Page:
In this work, we carry out a theoretic investigation on thermoelectric properties of gaussian disordered organic semiconductors (GD-OSs). Instead of Mott’s mode with constant DOS, we propose a model to describe the Seebeck effect with Gaussian density of states (DOS) and VRH theory, in which the contribution of energetic level to the conductivity and thermoelectric characters is clarified. It is proven that our VRH model could very well describe the observed dependence of Seebeck coefficients on carrier concentration, temperature, and conductivities, as long as the proper DOS is selected instead of a constant density at the Fermi level. Additionally, priority of our VRH model over Mott’s VRH and ME models is discussed, in that the shift of transport level makes the organic semiconductors have a larger Seebeck coefficient, even at very high carrier concentration. We believe the model is instructive for future thermoelectric related research, and that it interprets pre-existing experimental data on the Seebeck effect in disordered organic semiconductors.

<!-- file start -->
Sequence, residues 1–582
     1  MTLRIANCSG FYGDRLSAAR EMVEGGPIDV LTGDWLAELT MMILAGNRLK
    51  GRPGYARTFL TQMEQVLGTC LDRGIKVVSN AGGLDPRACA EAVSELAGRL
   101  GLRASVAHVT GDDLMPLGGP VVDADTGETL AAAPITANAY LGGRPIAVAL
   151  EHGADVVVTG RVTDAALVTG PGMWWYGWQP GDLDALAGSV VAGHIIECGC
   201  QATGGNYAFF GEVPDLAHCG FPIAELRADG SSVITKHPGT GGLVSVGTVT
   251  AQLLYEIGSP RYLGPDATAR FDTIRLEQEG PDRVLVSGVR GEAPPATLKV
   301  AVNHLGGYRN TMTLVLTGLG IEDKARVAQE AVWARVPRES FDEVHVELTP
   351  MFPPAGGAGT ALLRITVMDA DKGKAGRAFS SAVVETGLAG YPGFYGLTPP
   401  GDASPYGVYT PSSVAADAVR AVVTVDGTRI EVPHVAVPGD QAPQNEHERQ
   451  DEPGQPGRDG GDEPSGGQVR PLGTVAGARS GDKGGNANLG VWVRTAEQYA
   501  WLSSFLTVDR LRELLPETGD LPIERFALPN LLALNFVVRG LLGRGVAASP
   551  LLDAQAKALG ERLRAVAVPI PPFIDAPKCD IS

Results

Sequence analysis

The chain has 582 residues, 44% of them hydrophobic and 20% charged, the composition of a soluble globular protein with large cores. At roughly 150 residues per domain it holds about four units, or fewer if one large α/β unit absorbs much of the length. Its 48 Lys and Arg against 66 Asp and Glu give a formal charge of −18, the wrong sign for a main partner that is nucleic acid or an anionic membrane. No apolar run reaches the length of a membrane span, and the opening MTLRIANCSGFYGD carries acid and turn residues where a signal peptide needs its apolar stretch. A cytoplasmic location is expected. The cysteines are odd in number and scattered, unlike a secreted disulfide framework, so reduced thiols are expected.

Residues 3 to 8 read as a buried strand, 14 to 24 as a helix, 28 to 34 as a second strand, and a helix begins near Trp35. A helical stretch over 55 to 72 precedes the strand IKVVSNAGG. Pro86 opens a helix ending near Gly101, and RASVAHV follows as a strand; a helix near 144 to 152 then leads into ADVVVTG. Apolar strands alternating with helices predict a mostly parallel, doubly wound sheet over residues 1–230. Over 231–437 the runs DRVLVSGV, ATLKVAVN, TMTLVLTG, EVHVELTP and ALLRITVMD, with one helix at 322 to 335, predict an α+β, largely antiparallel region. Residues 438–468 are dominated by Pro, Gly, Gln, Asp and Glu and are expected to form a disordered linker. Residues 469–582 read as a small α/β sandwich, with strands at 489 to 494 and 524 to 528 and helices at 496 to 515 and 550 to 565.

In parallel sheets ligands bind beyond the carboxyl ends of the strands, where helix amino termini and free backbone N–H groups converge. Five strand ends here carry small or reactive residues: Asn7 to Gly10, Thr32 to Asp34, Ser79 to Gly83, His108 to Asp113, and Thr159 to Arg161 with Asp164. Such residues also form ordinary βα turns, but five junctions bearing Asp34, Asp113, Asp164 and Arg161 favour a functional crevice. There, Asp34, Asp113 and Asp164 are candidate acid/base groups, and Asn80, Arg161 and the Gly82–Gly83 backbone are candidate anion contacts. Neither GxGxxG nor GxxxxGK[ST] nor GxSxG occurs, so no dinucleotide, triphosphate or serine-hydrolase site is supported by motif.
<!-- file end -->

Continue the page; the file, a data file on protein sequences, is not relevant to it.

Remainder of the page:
2. Model Methods

In the practical disordered OSs, due to the complicated situation, the distribution of DOS is energy-dependent and inhomogeneous. If spatial positions and energies of the localized energy states can be considered independent from each other and random distribution of those states is described by a Gaussian energy spectrum, the OSs are so-called GD-OSs. Thus, a Gaussian DOS is assumed here for the energy-dependent distribution of localized sites [10].
g ( ε ) = N t 2 π δ k B T e x p ( ε 2 2 δ 2 ) ,
where Nt is the concentration of localized states, δ = δ / k B T , and δ is the width of the Gaussian distribution reflecting the disorder’s degree. The localized states form a discrete array of hopping sites, in which the carriers transport as incoherent hopping. The probability for carrier hopping from an occupied site i to an empty site j is given by [11]:
P i j exp ( 2 α R i j ( ε j ε i ) + | ε j ε i | 2 k B T ) ,